Imposter Syndrome

When I was first asked to write for She Snaps, talking about imposter syndrome was one of the first topics I thought about covering. Why? Because I believe that it’s something that affects women far more than men and that many of us have never put a name to the way we’re feeling.

So, what is imposter syndrome? We can loosely define it as feeling like a fraud and doubting your own abilities. Imposter syndrome is a belief that you don’t really deserve success and that, any minute now, someone is going to catch you out. Bizarrely, research suggests that it often affects those with the most experience more severely, with people finding it hard to believe that they deserve any accolades or have achieved anything of note. But it can happen at any time – from those just starting out (in photography in our case) to those who have been practicing for many years.

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Photo by Annie Spratt

Imposter syndrome leads us to question everything we do because we believe that things are down to luck and not our experience, qualifications, or skill. It can put people under a huge amount of pressure and even bring on anxiety and worry. Amongst photographers, you’ll often hear it manifested with people saying that a shot was just lucky, they happened to be in the right place, or they happened to have the right settings dialed in – the shot comes with an apology even when it’s a great photograph! But, of course, you should be proud of what you’re producing – it is not arrogance to like a photograph that you’ve taken!

I consider myself to be a fairly secure person, but I can certainly relate to the above and am aware that I’ve suffered from imposter syndrome on occasion. For a long time, I made the mistake of thinking that I was just being self-deprecating (a very British trait!). However, I think there was a certain lack of belief in my own abilities. And I think it’s a rare woman who hasn’t felt this way at some point. 

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But how much of this is down to imposter syndrome as opposed to the unique challenges faced by women? I think there’s an argument to be made that women are more inclined to question their own abilities due to how they are treated in the workplace. We must look at fixing the photographic industry, alongside helping women feel more confident.

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Photo by Zachary Staines

We all know that there’s still a glass ceiling for women in the corporate culture, with women less likely to be promoted and often paid less as well. Is the same true in the photographic industry? As I’ve discussed before, photography is still very much seen as a male industry – things are changing, but it has been traditionally bent towards men.

A lot of women have experienced sexism in the industry – from manufacturers that design everything to suit a man’s grip, to a client that’s seemingly amazed that a woman is taking their photo. And let’s not forget the ‘helpful’ comments from the random man who happens to see you out and about taking photographs. The inference is that women shouldn’t be taking photographs and that we’re somehow not equal to male photographers (saying male photographers sounds ridiculous but how often are we referred to as female photographers, as if we’re some rare and exotic species!).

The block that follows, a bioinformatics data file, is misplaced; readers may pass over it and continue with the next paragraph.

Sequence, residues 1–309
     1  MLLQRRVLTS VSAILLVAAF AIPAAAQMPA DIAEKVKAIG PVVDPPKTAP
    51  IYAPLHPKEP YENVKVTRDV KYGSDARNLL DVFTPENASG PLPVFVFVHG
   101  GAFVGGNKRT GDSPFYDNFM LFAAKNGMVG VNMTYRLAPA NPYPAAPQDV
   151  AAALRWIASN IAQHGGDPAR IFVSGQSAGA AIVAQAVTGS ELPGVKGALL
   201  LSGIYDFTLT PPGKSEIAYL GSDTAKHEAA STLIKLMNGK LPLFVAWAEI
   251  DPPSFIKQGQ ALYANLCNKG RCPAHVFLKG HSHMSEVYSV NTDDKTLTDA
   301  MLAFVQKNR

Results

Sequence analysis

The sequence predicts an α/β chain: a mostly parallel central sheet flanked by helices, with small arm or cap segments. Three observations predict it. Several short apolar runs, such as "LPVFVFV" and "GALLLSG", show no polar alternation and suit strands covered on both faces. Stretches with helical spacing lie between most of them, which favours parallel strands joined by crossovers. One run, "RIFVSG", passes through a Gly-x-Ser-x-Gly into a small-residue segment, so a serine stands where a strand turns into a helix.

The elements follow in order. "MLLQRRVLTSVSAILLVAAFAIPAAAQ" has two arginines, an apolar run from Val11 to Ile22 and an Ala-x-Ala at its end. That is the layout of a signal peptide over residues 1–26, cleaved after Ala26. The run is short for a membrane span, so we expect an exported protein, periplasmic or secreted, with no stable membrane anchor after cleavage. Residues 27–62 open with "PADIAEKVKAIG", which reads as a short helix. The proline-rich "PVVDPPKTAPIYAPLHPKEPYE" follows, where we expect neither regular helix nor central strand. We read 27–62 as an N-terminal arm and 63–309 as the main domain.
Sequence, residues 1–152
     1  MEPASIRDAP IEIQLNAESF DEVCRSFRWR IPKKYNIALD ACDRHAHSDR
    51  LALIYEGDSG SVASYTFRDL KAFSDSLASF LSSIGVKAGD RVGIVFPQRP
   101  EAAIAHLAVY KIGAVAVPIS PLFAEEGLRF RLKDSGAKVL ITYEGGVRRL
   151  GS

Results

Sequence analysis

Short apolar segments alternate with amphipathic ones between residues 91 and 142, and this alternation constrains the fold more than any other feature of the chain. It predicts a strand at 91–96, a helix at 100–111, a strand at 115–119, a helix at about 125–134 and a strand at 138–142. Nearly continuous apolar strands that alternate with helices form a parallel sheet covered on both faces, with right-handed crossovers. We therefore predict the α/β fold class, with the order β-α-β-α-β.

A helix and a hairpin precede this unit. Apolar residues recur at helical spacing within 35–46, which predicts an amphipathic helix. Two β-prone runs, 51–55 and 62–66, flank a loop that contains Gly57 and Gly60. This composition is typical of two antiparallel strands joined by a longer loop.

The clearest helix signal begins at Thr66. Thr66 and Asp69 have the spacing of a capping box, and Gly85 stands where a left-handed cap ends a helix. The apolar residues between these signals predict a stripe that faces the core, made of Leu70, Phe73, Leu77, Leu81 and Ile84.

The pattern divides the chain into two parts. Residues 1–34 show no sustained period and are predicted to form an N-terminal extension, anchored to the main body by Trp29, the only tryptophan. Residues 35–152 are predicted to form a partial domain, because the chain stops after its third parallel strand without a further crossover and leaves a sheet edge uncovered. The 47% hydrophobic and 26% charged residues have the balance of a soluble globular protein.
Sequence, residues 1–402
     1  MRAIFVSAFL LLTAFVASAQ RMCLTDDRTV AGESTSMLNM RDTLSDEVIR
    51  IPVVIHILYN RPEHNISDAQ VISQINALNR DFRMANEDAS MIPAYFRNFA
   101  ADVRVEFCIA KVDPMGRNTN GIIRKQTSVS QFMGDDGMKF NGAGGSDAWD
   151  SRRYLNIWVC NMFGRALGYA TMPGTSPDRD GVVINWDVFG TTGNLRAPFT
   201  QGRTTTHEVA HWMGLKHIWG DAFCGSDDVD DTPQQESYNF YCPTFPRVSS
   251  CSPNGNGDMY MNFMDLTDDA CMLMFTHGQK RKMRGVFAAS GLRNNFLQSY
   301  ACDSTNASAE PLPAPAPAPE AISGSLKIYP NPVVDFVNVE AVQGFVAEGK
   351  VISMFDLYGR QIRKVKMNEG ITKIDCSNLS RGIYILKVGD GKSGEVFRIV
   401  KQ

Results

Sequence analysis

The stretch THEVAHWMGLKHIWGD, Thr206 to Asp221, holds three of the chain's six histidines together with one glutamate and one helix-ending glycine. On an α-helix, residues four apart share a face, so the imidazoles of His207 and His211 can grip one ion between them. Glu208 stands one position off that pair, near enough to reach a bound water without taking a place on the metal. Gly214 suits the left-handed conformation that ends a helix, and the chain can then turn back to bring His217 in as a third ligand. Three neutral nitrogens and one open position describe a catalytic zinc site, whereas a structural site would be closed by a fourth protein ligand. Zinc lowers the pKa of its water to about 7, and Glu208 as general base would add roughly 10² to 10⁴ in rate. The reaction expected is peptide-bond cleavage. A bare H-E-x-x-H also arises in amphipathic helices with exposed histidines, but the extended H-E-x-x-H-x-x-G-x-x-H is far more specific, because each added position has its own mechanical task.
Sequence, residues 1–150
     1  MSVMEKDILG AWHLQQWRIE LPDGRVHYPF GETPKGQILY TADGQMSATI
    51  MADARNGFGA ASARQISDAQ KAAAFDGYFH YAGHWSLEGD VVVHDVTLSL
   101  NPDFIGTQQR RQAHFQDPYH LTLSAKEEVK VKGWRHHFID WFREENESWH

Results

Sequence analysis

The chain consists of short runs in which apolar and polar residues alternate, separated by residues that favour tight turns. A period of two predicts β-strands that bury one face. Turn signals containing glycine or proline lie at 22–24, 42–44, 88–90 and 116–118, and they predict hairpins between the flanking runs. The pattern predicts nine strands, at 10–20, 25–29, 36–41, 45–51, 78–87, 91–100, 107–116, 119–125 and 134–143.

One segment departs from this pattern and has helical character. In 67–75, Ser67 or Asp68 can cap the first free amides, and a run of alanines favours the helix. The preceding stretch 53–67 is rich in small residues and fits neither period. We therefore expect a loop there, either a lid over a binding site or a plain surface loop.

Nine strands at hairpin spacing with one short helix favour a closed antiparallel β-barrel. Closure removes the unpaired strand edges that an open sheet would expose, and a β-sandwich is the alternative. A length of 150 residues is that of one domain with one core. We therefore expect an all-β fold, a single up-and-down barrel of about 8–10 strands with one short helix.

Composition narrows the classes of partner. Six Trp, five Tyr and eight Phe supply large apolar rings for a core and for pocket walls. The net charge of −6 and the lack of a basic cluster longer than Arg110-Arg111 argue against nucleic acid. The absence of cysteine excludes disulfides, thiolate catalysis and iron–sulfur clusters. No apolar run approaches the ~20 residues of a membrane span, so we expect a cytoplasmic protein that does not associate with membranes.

All this can feed into imposter syndrome. We’re more likely to experience imposter syndrome when we don’t see many examples of people like us succeeding and, sadly, in photography it’s still harder to see successful women. At least part of this is probably down to the fact that women simply aren’t as loud about their success in many cases, because we’ve been conditioned to believe that being assertive is an unattractive trait for a woman.

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Photo by Ilyuza Mingazova

But we should be proud of the work we produce! And it is possible to get past imposter syndrome! I think the first step has to be talking about it – something women can be very good at doing. Ask your closest female friends if they’ve ever felt the same way. They don’t have to be photographers – I bet you’ll find that most of them will have experienced self-doubt at some point. Discussing things stops us from feeling isolated. And the advantage of close friends is that, whilst they’re bound to be supportive, they’ll also be honest. Once we start to talk about things as opposed to bottling them up, they immediately become less of a problem. 

It can be hard to take credit for our accomplishments, so surround yourself with evidence that you didn’t just get lucky with a shot. Perhaps you could enter a competition, ask a client for feedback, or simply show the shot to other photographers – getting feedback is great for your confidence. We need to remember that the worst thing that can happen is that someone won’t like a shot, but even that is just a reminder that we have the ability to keep on developing our skills (or simply a subjective view – not everyone likes the same things!).

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Photo by Alexandre Chambon

Recognising imposter syndrome and putting tools in place to deal with it will help immensely, although don’t be disappointed if it still occasionally rears its ugly head. But self-doubt can be framed as an inner voice encouraging us to move forward and out of our comfort zone.

What’s the single best piece of advice I think I can give you? It’s simply this: don’t wait for the perfect time, opportunity or what you think is the perfect shot, or you’ll never get out there at all. You don’t have to change the world overnight, but you do need to keep moving forward. 

Cover photo by: Luke Stackpoole

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